Every one of the arborists who assisted in this rescue had formal training in aerial rescue. None of us had worked together in this kind of setting or in tree work before, but as we got there, our training kicked in.
Proceed with the rescue
At that point, we had gone through a few steps. First, we had learned of the situation with the injured person. Second, we had assessed and evaluated the situation to ensure it could be done safely, without anyone becoming a second victim. We had asked ourselves, “Do we have the knowledge and training to do this?” When all checked out, we proceeded with the rescue.
As we had set up and established communication with the sheriff and the incident commander, we found out that a group of forest-service technicians had accessed the victim by descending the embankment across the river. They updated us on his condition. His broken ankle was a non-life-threatening injury, but there was definitely no other way out than up.
With the high line in place, our first-contact arborist reached the victim. That arborist began to communicate with the personnel on the ground. They strapped the victim into a harness and snapped on carabiners, and we began to crank on the mechanical-advantage mechanisms to pull up slack in the high line. The injured person began to lift off when suddenly the line sagged, and the person dropped a few feet. Our hearts sank.
Again, if the person had had a head, neck or back injury, we would not have attempted the rescue due to the higher risk of additional injury. Since it was an ankle injury, we were able to take on this risk, because there was less chance of aggravating the initial injury.
The high line had broken a small branch and settled into the crotch and anchor point, and this caused the line to sag a bit. After catching our collective breath, we tightened the high line a bit more, then pulled our victim across the river to safe ground. We all then muscled together to carry the stretcher and our victim up a few feet of steep terrain to the hands of paramedics.
More to do
As we high-fived and cheered each other, we heard the incident commander over the radio, and his words hit us like a ton of bricks. “Great job gentlemen, but we have a slight problem.”
“Oh no,” we thought, “what now?”
It turned out that the forest-service technicians at the site of the injury couldn’t get back up the steep terrain they’d descended to reach the victim. It was easy for them to get down, but they did not take into consideration the difficulty they would encounter getting back up and out.
This brings us back to the number-one and most important rule of any rescue: Don’t become a second, or, in this case, third, fourth, fifth or sixth victim. At the end of the night, and after grueling hours of cranking the GRCS for what seemed like a million times, we had all the forest-service techs on our side of the river.
The probability of something failing or going awry was high, and that day we not only had to save one person, but six, putting everyone else in danger for longer than necessary. But that day we all learned a very valuable lesson. We put our skills into practice and worked as a team, and I believe that day changed all our lives forever.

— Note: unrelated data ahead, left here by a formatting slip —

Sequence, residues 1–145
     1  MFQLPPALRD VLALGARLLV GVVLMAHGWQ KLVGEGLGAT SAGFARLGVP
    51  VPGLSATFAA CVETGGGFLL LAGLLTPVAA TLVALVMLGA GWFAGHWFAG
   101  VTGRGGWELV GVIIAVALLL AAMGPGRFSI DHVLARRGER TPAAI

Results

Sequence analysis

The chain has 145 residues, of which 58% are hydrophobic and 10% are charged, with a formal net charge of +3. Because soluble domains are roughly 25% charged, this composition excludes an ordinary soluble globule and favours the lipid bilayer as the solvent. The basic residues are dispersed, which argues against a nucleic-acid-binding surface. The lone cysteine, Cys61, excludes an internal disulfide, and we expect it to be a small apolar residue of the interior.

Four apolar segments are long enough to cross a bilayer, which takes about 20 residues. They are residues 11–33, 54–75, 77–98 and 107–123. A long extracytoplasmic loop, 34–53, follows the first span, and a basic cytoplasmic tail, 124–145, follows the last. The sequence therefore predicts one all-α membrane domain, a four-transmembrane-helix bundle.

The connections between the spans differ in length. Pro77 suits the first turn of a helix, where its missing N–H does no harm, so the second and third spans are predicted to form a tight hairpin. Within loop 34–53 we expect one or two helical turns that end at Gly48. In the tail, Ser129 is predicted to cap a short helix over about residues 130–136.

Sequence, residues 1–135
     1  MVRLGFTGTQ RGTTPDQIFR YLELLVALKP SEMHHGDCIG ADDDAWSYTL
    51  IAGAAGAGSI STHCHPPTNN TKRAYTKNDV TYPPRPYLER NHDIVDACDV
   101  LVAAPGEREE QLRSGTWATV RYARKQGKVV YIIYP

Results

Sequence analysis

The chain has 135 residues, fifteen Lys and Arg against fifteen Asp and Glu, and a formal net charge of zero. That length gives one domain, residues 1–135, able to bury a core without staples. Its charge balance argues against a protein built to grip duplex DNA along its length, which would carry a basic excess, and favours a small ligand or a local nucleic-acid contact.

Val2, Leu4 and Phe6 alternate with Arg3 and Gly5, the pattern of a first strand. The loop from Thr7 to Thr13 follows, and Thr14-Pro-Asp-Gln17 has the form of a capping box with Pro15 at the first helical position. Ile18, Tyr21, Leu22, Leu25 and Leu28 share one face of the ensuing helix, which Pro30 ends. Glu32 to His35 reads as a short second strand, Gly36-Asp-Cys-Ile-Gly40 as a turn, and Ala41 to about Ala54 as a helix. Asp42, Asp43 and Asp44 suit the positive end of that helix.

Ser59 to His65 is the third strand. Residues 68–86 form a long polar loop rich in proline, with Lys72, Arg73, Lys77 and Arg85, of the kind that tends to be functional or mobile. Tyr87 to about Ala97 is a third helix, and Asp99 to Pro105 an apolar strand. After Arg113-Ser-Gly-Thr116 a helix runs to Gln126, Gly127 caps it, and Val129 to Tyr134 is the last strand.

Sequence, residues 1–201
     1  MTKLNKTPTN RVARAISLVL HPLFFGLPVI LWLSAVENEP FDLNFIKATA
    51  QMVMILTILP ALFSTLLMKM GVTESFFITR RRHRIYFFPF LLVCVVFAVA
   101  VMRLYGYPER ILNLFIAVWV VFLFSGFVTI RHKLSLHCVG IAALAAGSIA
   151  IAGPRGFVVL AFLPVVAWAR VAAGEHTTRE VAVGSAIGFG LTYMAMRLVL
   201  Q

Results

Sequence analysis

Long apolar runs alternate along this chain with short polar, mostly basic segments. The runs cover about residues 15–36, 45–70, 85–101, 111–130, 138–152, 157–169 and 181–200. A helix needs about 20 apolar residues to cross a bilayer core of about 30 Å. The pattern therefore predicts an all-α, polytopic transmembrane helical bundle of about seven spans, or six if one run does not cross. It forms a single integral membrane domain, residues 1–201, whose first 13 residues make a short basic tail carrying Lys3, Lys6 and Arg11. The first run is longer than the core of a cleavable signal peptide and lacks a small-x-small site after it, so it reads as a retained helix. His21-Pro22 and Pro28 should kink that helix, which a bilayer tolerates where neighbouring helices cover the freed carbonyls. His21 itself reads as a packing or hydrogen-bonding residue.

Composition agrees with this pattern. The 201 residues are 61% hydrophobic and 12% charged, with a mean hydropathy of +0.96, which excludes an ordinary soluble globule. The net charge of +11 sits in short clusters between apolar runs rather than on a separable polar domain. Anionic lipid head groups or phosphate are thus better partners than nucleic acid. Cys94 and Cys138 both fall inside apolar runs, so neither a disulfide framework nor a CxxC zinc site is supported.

Volunteers who helped with the rescue the night before brought doughnuts and shared them with the arborists as they all debriefed the successful rescue the next day.
Remember, once you know about the situation and find an injured person, first call 911. Have as much information for them as possible about what happened, where you are located, the type of injury and access to the victim. Specify that it’s a high-angle rescue and whether there are power lines involved, so they can have power shut off.
Evaluate the scene for electrical or other potential hazards. Don’t become a second victim. If electrical or other life-threating hazards exist, wait for help to arrive and stand by to support and assist medical technicians if possible. You won’t always be able to be the hero of the story, so don’t think you have to perform an aerial rescue every time.
If no other hazards exist and you can reach the injured person, access the victim and assess their injuries. If the injuries are minor or the person is not breathing and you can safely get them to the ground, proceed with an aerial rescue. But if the person has neck or back injuries or is conscious and breathing, stay in the tree to help them stay calm. Perform first aid and comfort them until paramedics arrive. The paramedics will let you know if you can support or assist, or if they can take over from there and you can come to the ground while they perform rescue.
This aerial-rescue outline is not all encompassing. Each scenario will have its own set of circumstances to be evaluated. Education and practice are the best ways to prepare for these situations and to be compliant with OSHA and ANSI. As arborists, we need to be trained in rescue scenarios related to the type of work we are performing.
I again want to thank all of those involved in the rescue described here. Every single one of you is an awesome arborist, and that day you were all heroes. For their parts in the rescue, special shout-outs to Danielle Melisse, Ryan Michael Swederski, CTSP, James Clarke, Solomon Shumaker, Brice G. Davis, Brian Dawson and Jamie Butler.
Eric Navarro Palacios, CTSP, is a TCIA-approved instructor and independent trainer based in Magalia, California. He travels the world training and educating arborists while sharing his passion for people and trees wherever he goes.
This article was based on his presentation on the same subject during TCI EXPO ’21 in Indianapolis, Indiana. To listen to an audio recording created for that presentation, go to this page in the digital version of this issue of TCI Magazine online at tcimag.tcia.org and, under the Resources tab, click Audio. Or, under the Current Issue tab, click View Digimag, then go to this page and click here.